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Author:  Claudia Tate
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Domestic Allegories of Political Desire: The Black Heroines Text at the Turn of the Century Tate, Claudia 1 of 1
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FORMAT: Paperback
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Product Details:

Format: Paperback
ISBN-10: 0195108574
ISBN-13: 9780195108576
Sku: 30024505
Publish Date: 4/10/2007
Dimensions:  (in Inches) 9.25H x 6.25L x 0.75T
Pages:  312
 
Why did late nineteenth-century African-American women novelist use idealized stories of bourgeois courtship and marriage to mount arguments of social reform during a time when resurgent racism conditioned the lives of all black Americans? This is the question at the center of Tate's examination of the novels of Pauline Hopkins, Emma Kelley, Amelia Johnson, Katherine Tillman, and Frances Harper.
From the Publisher:
Why did late nineteenth-century African-American women novelist use idealized stories of bourgeois courtship and marriage to mount arguments of social reform during a time when resurgent racism conditioned the lives of all black Americans? This is the question at the center of Tate's examination of the novels of Pauline Hopkins, Emma Kelley, Amelia Johnson, Katherine Tillman, and Frances Harper.Why did African-American women novelists use idealized stories of bourgeois courtship and marriage to mount arguments on social reform during the last decade of the nineteenth century, during a time when resurgent racism conditioned the lives of all black Americans? Such stories now seem like apolitical fantasies to contemporary readers. This is the question at the center of Tate's examination of the novels of Pauline Hopkins, Emma Kelley, Amelia Johnson, Katherine Tillman, and Frances Harper. Domestic Allegories of Political Desire is more than a literary study; it is also a social and intellectual history--a cultural critique of a period that historian Rayford W. Logan called "the Dark Ages of recent American history." Against a rich contextual framework, extending from abolitionist protest to the Black Aesthetic, Tate argues that the idealized marriage plot in these novels does not merely depict the heroine's happiness and economic prosperity. More importantly, that plot encodes a resonant cultural narrative--a domestic allegory--about the political ambitions of an emancipated people. Once this domestic allegory of political desire is unmasked in these novels, it can be seen as a significant discourse of the post-Reconstruction era for representing African-Americans' collective dreams about freedom and for reconstructing those contested dreams into consummations of civil liberty.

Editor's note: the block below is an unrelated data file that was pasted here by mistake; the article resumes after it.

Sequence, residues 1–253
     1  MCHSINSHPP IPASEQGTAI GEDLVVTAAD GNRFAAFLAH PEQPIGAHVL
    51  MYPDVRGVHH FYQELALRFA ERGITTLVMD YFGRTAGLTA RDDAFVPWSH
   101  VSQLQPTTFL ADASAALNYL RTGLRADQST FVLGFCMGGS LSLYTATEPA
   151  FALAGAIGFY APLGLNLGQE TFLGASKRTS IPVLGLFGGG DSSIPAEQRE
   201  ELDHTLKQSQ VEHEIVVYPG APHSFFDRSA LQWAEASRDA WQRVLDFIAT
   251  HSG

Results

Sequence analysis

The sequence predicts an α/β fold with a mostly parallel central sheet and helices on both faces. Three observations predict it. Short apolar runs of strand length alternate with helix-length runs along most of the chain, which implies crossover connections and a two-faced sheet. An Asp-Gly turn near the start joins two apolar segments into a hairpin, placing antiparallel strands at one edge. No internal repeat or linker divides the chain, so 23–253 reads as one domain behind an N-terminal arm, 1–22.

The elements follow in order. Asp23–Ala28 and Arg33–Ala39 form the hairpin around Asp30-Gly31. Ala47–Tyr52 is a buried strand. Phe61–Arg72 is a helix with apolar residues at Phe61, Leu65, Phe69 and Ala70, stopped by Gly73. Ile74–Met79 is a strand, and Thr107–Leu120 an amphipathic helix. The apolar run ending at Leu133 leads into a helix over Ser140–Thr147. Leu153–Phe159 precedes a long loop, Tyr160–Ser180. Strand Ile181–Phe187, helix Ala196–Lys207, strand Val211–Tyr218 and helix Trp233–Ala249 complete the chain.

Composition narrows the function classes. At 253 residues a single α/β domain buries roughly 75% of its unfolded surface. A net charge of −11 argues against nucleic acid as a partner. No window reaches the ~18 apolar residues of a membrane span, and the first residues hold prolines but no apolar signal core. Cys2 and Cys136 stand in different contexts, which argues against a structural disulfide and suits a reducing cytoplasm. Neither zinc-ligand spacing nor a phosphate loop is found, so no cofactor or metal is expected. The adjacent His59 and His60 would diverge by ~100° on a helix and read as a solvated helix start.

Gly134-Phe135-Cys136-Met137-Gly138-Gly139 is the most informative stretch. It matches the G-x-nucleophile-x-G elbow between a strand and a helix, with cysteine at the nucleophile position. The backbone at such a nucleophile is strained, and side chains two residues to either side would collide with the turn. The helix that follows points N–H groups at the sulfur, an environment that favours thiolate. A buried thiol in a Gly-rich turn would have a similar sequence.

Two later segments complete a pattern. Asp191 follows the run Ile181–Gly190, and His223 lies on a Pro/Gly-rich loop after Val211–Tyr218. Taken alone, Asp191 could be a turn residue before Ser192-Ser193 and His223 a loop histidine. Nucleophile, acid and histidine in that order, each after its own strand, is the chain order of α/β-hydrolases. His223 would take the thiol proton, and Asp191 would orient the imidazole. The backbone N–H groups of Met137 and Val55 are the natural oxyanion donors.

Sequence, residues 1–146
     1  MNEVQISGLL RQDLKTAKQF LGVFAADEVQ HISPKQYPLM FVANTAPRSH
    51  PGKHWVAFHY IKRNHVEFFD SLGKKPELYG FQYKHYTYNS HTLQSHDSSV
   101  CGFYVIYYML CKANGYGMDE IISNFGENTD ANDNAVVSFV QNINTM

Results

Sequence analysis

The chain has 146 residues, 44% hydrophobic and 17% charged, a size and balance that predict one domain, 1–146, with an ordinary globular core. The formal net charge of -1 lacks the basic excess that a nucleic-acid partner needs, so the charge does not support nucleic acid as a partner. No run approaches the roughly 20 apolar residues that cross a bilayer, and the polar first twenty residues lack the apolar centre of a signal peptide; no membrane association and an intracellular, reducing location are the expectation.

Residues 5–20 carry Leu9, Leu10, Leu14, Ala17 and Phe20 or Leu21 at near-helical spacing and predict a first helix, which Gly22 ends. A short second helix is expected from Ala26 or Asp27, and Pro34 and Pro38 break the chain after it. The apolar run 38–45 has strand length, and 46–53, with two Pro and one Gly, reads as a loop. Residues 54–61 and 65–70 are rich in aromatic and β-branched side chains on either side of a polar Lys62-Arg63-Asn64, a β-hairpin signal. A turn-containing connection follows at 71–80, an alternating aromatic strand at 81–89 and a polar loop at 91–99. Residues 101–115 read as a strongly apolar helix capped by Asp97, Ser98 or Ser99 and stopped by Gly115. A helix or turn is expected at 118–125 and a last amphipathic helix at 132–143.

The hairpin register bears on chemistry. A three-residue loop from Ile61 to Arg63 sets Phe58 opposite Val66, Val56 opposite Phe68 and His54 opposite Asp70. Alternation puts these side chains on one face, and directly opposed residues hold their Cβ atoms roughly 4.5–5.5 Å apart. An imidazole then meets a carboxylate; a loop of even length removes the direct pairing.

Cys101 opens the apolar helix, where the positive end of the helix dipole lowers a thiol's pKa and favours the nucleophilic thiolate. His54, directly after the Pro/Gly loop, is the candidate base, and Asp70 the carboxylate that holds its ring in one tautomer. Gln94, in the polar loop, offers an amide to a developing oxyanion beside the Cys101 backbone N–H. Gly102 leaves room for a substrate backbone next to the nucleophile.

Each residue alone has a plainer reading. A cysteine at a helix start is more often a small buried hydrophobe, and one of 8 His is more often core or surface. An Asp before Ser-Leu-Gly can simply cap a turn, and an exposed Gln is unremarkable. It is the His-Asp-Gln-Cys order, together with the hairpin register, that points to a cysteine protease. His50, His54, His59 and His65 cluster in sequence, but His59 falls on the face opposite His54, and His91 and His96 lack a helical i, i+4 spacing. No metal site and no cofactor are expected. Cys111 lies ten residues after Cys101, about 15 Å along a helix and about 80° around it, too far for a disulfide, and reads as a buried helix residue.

Annotation:
Why did late 19th-century African-American women novelists use idealized stories of bourgeois courtship and marriage to mount arguments on social reform during a time when resurgent racism conditioned the lives of all black Americans? This is the question at the center of Tate's examination of the novels of Pauline Hopkins, Emma Kelley, Amelia Johnson, Katherine Tillman, and Frances Harper.

Praise

Women's Review of Books
"A ground-breaking work....As a pioneering work, it is itself critical history."

American Historical Review
"Tate has given us a treasure....Because of her familiarity with Reconstruction and post-Reconstruction historiography, and because of her sensitive reading of the materials she uses, Tate's book deserves an honored place in historical
literature."

Product Attributes
Product attributeBook Format:   Paperback
Product attributeNumber of Pages:   0312
Product attributePublisher:   Oxford University Press, USA
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